After more than 30 years of playing together, award-winning folk musicians Caffè Lena with her husband, Bill, in 1960.
You’ve been in the folk scene for a long time. When was the first time you played at Caffè Lena?
Oh, jeez, probably, 1984.
Have you been back since they renovated it?
This is my first time since the renovation. And I’m dying to see it. I was there during the old days—well, the semi-old days, when Lena was still around. She was really kind to me, just a lovely, kind, sweet, generous soul. You felt like you were walking in the presence of greatness. She was wise and eccentric, and I spent a lot of time listening to her, because she had important things to say, especially in terms of community.
The folk community?
Yeah, there was a moment back in the day when a lot of big major labels were courting guys like me, and I was talking to Lena one night when I realized that if I tried to move up into something bigger, I was going to have to leave this community, and I didn’t want to do that. As a friend of mine said, “If you’re using the coffeehouses as a stepping stone to something different, you don’t belong in those coffeehouses.” So I chose community, and I think I chose well. And I’ve remained loyal to Lena, and Lena has remained loyal to me. It’s one of those places that makes me feel better, just knowing that it’s still there after all these years.
It sounds like you were very close to Lena and the folk scene here.
Yeah, I was. She taught me about a lot. She was one of the village elders. There was her and Utah Phillips and Pete Seeger, and all these people who were kind of out there, but you still had access to them. She had this idea that all these little places we played were part of a larger community, and the performers were just this rabble that were going around, and we were all interconnecting on some deep level. This was our village. It answered a lot of questions for me about what I was trying to do.
Speaking of that community, what do you think it is about folk music that brings people back year after year?
I think for a lot of the performers, if they’re playing old, traditional material, it’s because all those songs are telling a story. If you listen to, say, Woody Guthrie songs and Carter Family songs, it’s not Tin Pan Alley stuff, it’s not about “love and dove” and “the moon in June.” It’s about people dying and being separated, and there are shipwrecks and train wrecks and terrible things happening. It’s the human condition. The ballads get handed around and changed, and they get sort of molded to fit whatever community they’re being sung in currently. So there’s also an inversion going around. And if you’re a songwriter, if you have any sense at all, you’re aware of that immense tradition about the human condition. Some of the ballads of Europe are 300 years old, and they’re still relevant.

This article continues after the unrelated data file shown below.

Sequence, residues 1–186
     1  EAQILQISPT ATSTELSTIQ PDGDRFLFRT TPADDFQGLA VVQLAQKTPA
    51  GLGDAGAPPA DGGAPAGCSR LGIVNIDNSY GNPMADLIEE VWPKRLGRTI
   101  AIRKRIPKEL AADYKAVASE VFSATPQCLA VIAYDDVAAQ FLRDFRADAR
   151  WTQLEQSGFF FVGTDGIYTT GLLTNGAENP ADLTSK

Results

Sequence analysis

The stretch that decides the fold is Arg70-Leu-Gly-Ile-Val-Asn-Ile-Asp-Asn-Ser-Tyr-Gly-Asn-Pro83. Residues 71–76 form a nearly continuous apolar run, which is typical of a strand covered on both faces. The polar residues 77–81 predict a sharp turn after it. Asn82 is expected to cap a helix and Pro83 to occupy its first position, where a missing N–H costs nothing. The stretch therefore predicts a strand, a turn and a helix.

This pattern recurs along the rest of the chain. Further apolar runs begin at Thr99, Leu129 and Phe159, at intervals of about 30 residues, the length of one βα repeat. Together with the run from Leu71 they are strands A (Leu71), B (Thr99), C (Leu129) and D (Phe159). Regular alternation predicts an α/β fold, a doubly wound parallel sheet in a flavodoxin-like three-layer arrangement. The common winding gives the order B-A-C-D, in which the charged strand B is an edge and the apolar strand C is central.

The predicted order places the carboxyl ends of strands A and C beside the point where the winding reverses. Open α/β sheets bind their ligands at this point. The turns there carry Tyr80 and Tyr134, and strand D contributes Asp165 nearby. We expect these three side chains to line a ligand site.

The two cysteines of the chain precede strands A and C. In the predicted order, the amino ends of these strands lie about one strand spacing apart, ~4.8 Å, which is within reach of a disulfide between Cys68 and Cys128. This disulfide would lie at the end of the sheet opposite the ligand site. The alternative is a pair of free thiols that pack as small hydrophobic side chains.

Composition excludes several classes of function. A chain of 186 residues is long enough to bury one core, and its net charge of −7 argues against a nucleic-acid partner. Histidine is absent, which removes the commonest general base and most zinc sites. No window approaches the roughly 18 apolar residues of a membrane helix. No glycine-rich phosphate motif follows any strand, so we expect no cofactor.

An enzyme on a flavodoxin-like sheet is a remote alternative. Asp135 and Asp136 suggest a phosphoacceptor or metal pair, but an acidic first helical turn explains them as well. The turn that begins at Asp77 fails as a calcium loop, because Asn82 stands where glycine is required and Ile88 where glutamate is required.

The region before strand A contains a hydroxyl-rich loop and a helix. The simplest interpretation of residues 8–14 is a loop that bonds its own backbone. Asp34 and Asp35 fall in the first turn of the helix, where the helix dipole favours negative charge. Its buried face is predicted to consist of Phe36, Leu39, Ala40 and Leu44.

You and Archie have been playing together for more than 30 years. How did you two meet?
I’ve known Archie since 1976. We met in Toronto at the Mariposa Folk Festival. And I had heard about him; I was a fan of his music, and we just kind of hit it off as friends. So we’ve always kept in touch, and in about 1985, I got in touch with him and said, “I don’t know if you’d ever think about coming over to America or Canada to play, but if you’d like to do it, I’d be happy to drive you around, and we could play some tunes together, have some fun and perhaps even make some money.” And he came right back and gave me a timeframe. So for 33 years, we’ve been meeting in a haphazard way and taking it out on the road.
What’s it like maintaining a musical partnership like that for so long?
We’ve always had our solo careers. We get together maybe once a year, sometimes once every two years. We do a run together and it’s always joyful, like, “What have you been doing? What do you have that’s new?” And we adjust ourselves to what the other guy has been working on; we collaborate on our show. We both have healthy careers as soloists, and these are always special one-off tours. We don’t do it constantly, and that’s one of the things that makes it fun. It’s not a grind. It’s just like, “OK, we’re gonna go out and do 10 or 20 shows together.” Then I might not see him again for another year. So it keeps it fresher.
What are your plans going forward?
Well, [Archie and I] are going to be recording the last four or five shows, all in Canada. We’re going to take a small crew out and record whatever happens and see if there’s something that we can have as a memento of the tour. Right now, in terms of my solo stuff, I’m kind of taking a hiatus in writing. I released an album four years ago. Usually, I have a year or year-and-a-half of a dry spell after I finish a recording project. But after I released the last album, I dove right into a 730-page memoir [Night Drive: Travels With My Brother]. I just sat in a chair for eight months and pounded away at the keyboard, [which resulted in] this bizarre and vulgar and completely truthful memoir of my years on the road with my brother, from 1974 until ’83 when he died. It’s just about three young guys, broke and terrified and pretty much drunk all the time, on the road trying to play original folk music and some of the trouble we got into: Police chases, bad agents, really bad managers, horrible clubs, arrests and that sort of thing. It was a different kind of folk music than you see at Lena’s. [laughs]